28. 28. Simulation Patterns <ul><li>Used to verify that the code is using the correct </li></ul><ul><li>collection </li></ul><ul><li>Mock-Object Pattern </li></ul><ul><li>Service-Simulation Pattern </li></ul><ul><li>Bit-Error-Simulation Pattern </li></ul><ul><li>Component-Simulation Pattern </li></ul>
  29. 29. Mock-Object Pattern <ul><li>Classes need to be abstracted, objects must be constructed in factories, facades and bridges need to be used to support abstraction </li></ul><ul><li>Alternatively, AOP practices can be used to establish a pointcut </li></ul>
  30. 30. Service-Simulation Pattern <ul><li>Test simulates connection and I/O method of a service </li></ul><ul><li>Useful when developing large applications in which functional pieces are yet to be implemented </li></ul>
  31. 31. Component-Simulation Pattern <ul><li>Mock object simulates a component failure, such as network cable, hub or other device </li></ul><ul><li>After a suitable time, the mock object can do a variety of things: </li></ul><ul><ul><li>Thrown an exception </li></ul></ul><ul><ul><li>Returns incomplete of completely missing data </li></ul></ul><ul><ul><li>Return a “timeout” error </li></ul></ul>
  32. 32. Multithreading Patterns <ul><li>In order to perform many threading tests </li></ul><ul><li>correctly, the unit tester must itself execute </li></ul><ul><li>tests as separate threads. </li></ul><ul><li>Signaled Pattern </li></ul><ul><li>Deadlock-Resolution Pattern </li></ul>
  33. 33. Signaled Pattern <ul><li>This test verifies that a worker thread eventually signals the main thread or another thread </li></ul>
  34. 34. Deadlock-Resolution Pattern <ul><li>Verifies that dead locks are resolved </li></ul>
  35. 35. Stress-Test Patterns <ul><li>Verify unit’s performance under stress </li></ul><ul><li>Bulk-Data-Stress-Test Pattern </li></ul><ul><li>Resource-Stress-Test Pattern </li></ul><ul><li>Loading-Test Pattern </li></ul>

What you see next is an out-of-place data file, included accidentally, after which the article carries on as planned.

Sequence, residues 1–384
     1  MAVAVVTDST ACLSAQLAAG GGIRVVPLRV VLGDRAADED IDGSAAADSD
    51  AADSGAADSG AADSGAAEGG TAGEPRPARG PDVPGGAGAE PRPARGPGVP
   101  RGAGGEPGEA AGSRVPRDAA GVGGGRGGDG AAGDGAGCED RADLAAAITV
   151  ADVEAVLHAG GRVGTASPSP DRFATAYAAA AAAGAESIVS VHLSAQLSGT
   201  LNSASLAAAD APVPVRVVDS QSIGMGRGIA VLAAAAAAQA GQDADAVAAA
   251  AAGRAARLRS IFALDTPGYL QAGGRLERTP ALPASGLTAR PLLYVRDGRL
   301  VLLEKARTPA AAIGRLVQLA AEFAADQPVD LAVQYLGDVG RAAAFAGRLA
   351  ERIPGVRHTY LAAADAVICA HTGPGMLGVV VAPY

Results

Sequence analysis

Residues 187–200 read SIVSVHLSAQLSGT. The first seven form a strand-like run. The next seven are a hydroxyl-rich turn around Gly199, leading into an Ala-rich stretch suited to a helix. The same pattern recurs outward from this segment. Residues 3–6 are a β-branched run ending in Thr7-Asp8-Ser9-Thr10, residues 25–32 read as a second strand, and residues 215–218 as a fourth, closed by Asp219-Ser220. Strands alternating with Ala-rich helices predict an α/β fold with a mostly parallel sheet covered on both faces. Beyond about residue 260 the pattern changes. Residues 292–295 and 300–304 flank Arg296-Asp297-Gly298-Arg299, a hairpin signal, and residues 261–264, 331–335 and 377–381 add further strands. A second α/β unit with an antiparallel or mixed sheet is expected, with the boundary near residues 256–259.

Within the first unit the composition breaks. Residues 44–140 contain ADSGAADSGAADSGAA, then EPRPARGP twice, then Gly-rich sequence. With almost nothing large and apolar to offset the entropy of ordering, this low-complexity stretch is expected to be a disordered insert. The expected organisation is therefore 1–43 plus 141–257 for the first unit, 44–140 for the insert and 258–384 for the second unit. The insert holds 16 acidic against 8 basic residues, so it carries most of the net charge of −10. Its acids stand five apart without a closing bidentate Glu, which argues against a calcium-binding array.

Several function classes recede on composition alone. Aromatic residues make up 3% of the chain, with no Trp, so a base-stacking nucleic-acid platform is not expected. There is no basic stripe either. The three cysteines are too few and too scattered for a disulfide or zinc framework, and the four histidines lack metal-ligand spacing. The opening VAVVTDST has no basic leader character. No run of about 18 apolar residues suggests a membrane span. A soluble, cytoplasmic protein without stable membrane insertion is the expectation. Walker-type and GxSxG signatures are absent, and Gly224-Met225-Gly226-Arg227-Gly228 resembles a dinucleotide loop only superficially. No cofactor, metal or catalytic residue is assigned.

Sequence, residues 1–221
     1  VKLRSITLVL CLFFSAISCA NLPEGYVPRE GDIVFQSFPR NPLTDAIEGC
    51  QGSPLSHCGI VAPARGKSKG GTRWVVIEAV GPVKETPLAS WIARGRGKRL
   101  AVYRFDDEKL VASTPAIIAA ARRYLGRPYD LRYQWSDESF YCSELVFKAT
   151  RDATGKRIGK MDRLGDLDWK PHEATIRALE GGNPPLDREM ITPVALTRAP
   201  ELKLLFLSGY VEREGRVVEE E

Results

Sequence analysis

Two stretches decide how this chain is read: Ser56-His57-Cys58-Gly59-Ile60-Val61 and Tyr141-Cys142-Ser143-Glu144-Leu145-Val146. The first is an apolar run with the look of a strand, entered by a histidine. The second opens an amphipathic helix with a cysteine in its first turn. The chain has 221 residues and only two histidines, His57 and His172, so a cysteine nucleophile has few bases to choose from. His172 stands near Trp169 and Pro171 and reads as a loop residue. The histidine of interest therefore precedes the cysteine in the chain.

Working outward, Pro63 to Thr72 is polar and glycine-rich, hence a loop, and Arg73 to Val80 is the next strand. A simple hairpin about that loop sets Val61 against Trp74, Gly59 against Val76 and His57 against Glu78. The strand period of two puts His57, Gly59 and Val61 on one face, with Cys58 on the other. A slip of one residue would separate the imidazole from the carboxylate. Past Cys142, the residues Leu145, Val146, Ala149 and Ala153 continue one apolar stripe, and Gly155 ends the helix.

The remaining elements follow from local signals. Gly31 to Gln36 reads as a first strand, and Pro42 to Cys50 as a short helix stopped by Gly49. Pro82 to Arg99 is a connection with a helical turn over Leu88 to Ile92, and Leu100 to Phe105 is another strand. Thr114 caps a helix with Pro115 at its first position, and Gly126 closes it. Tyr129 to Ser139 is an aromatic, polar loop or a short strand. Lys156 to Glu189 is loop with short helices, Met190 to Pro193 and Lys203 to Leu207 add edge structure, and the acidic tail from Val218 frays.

36. 36. Bulk-Data-Stress-Test Pattern <ul><li>Designed to validate performance of data manipulation when working with large data sets </li></ul><ul><li>Will reveal inefficencies in insertion, access </li></ul><ul><li>Typically corrected by reviewing indexing, constrains, reexamining if code should be client or server side </li></ul>
  37. 37. Resource-Stress-Test Pattern <ul><li>Depends on the features of the operating system (may be served by using mock objects) </li></ul><ul><li>If not supported by OS, mock objects must be used to simulate the response of the operating system under a low resource condition </li></ul>
  38. 38. Loading-Test Pattern <ul><li>Measures behavior of the code when another machine, application, or thread is loading the “system” (i.e. high CPU usage or network traffic) </li></ul><ul><li>Ideally, a unit test simulating high volume of network traffic would create a thread to inject packets onto the network </li></ul>
  39. 39. Presentation Layer Patterns <ul><li>1. Verify that information is getting to the user </li></ul><ul><li>right at the presentation layer itself </li></ul><ul><li>2. The internal workings of the application are </li></ul><ul><li>correctly setting presentation layer state. </li></ul><ul><li>View-State Test Pattern </li></ul><ul><li>Model-State Test Pattern </li></ul>
  40. 40. Process Patterns <ul><li>A process is just a different type of unit. </li></ul><ul><li>Validate state transitions and business rules </li></ul><ul><li>Process-Sequence Pattern </li></ul><ul><li>Process-State Pattern </li></ul><ul><li>Process-Rule Pattern </li></ul>
  41. 41. Pattern Summary <ul><li>Unit Test patterns cover broad aspects of development; not just functional </li></ul><ul><li>May promote unit testing to become a more formal engineering discipline </li></ul><ul><li>Helps identify the kind of unit tests to write, and its usefulness. </li></ul><ul><li>Allows developer to choose how detailed the unit tests need to be </li></ul>